Sunday, October 10, 2010
This weekend I've been thinking a lot about chickens as one of our girls has a broken wing. So its not surprising that a chicken appeared in my sewing this weekend.
This little purse has been made into a pattern and is now in my brand new shop! Head over to Happy Bobbin to check it out. I ended up making two little chicken purses as I was testing the pattern. If you'd like one they're both for sale too. I also have a blog specifically for my shop here which will be updated as I add new patterns.
If you were to purchase a quilting or quilt related pattern for anything in the world what would you want?
My style is quite ecclectic and unique. I'm currently working on turning all my steampunk blocks into patterns and have a few more ideas in my sketchbook too.
If you also like stitching why not check out another free resource I'm working on. Free Sampler Patterns is hosting a great little range of cross stitch designs perfect for small motifs or making your own custom sampler.
Saturday, October 2, 2010
The Sewline mechanical pencil is something that Leah Day from Free Motion Quilting uses and recommends and right before purchasing one from her online store I spotted them in a local shop near my workplace and grabbed one as the price was comparable.
The first thing I did is try it out on some black cotton fabric alongside my usual dress-makers pencil. As you can see from the photo (click to enlarge) the top seven lines from the Sewline pencil are sharper and darker than the dress-makers pencil which I am always sharpening. The eraser on top of the Sewline pencil is good for erasing those lines, but I have not had much need of it. The lines also erase in water. I've had some lines rub off while handling and thankfully this isn't a problem with the Sewline. The lines become a little lighter with excessive handling while hand sewing, but still hold on very well.
For AU$16.95 the Sewline mechanical pencil is not the cheapest accessory I've bought, but I don't know how I've lived without it. I usually use a lot of darker colours so the white is perfect for me, however it also comes in green and pink with refills available for all colours. I've also seen yellow and black/grey online, but not in local stores.
If you're in South Australia I've now discovered two stores who stock the Sewline range of pencils, and fabric glue. In Adelaide, the Button Bar in Adelaide Arcade, or just to the South, Tricia's Discount Fabric near Castle Plaza. If you're in America you should try Leah Day who stocks all 5 colours for US$12.95.
Looking for quilting inspiration? I'm posting some beautiful and inspiring quilts three times a week on Quiltopia. Come have a look! :-)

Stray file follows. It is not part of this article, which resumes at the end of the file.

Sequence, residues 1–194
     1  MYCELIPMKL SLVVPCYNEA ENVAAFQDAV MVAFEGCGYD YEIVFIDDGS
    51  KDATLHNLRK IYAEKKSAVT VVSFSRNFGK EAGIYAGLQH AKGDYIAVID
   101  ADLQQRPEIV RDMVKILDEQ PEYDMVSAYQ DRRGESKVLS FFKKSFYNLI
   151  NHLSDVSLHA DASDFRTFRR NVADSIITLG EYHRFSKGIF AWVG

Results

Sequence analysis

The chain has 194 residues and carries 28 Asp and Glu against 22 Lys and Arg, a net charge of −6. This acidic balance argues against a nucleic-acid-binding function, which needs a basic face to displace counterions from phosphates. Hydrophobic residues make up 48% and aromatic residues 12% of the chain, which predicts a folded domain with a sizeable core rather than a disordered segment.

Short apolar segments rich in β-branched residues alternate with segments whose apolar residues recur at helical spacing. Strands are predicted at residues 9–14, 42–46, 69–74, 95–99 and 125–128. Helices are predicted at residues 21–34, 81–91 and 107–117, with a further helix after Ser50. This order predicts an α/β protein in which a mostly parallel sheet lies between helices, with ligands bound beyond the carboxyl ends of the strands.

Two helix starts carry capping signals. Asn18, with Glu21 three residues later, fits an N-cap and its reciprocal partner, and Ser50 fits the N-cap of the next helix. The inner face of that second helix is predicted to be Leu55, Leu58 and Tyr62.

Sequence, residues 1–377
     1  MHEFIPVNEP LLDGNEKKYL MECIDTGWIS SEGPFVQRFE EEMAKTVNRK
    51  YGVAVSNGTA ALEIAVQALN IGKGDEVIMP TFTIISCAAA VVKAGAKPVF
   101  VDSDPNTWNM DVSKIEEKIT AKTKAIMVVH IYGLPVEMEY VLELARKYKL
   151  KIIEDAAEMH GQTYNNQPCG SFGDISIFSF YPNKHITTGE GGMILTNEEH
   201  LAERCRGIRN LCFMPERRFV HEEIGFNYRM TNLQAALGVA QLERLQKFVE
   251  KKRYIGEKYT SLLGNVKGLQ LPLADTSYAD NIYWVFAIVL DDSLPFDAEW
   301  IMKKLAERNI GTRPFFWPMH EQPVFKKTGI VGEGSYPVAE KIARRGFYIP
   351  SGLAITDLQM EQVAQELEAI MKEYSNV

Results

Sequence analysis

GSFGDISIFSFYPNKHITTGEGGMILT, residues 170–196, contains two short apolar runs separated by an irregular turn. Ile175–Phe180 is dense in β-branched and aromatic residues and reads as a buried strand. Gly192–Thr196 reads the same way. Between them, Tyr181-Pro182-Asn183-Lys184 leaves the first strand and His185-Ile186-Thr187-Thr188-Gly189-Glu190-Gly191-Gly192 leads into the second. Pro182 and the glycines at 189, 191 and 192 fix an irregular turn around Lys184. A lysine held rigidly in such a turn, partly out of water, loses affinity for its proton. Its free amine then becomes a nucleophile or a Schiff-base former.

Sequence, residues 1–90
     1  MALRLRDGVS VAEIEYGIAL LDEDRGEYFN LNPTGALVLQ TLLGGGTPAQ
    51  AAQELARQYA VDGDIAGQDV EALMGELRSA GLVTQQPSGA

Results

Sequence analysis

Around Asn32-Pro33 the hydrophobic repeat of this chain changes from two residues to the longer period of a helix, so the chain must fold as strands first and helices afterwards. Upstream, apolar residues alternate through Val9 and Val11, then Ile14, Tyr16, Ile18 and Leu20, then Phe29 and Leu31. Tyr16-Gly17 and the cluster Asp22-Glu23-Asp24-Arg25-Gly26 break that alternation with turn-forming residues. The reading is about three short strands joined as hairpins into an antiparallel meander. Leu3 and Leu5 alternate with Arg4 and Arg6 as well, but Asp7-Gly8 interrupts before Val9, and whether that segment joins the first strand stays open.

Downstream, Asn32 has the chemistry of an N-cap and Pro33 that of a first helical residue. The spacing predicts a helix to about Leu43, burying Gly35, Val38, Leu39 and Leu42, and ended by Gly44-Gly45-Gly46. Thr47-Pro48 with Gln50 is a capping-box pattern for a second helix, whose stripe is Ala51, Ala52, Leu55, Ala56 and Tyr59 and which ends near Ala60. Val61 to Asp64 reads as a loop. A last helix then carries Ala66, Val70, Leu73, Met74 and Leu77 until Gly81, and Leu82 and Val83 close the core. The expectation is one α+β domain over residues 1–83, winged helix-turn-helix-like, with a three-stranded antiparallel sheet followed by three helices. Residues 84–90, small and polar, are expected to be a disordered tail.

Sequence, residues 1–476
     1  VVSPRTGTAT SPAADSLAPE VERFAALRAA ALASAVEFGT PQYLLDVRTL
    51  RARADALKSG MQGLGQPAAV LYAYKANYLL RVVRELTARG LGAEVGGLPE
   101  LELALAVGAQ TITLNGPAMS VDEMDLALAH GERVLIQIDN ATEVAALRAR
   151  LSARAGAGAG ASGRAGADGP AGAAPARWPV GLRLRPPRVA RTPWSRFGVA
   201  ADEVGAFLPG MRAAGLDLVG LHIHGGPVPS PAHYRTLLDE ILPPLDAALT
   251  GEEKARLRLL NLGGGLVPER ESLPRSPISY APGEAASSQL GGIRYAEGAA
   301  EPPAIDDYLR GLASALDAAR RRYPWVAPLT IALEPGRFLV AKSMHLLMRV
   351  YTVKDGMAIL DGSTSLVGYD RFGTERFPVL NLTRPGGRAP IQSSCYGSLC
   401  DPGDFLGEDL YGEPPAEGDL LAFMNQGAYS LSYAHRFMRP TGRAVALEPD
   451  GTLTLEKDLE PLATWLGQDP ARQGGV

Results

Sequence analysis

Labels: tool reviews
Friday, September 24, 2010
What makes this steampunk? For me it is the ornate look that reminds me of wrought iron and combined with my other designs I think this will look great! I think this block has taken the longest to sew out of the six I have completed so far. Do you like the look of this block and the gears from the last post? I'm hoping to have a full range of patterns ready so that you can make this too once I've completed the quilt.
I keep changing my mind now whether I will quilt as I go then join the blocks together, or make up the quilt top and then quilt. I want to keep it fairly simple so that the intricate applique can speak for this. I'm loving the colours... I just need to get the remaining designs drawn up and then stitched on.
The six completed designs include the gears and butterfly, a fleur de lis, a steampunk airship, some keys and a cameo bust. The remaining designs will include a crown, some tools and a steampunk gun with hopefully a total of either 9 or 12 applique designs overall which will be dependant on how the size of the completed quilt is looking.
I've got plans for a second steampunk quilt too. The beautiful brassy colours combines with black are just too nice not to use again.
Saturday, August 7, 2010
This is a little bit of a teaser and reinvention of what I'm doing at the moment. I realised recently while reading all the usual blogs I visit that so many things we make are a recreation of the same straight lines and defined patterns. I'm throwing all that out the window!!
What this means is that the raid your stash quilt-a-long is probably dead and buried for a while. I have no desire to work on complex straight line piecing at the moment. I want curves, dynamic ideas, pictures, a story... perhaps this is Leah Day's fault with her phenominal quilts and inspiring free-motion quilting, but I also think I am finally on track to what attracted me to quilting in the first place.
This week I've been working on using my cog or gear design which I showed you how to make by folding paper. This is the first of a series of designs that are rattling around in my head and I plan on turning them all into printable patterns for you too!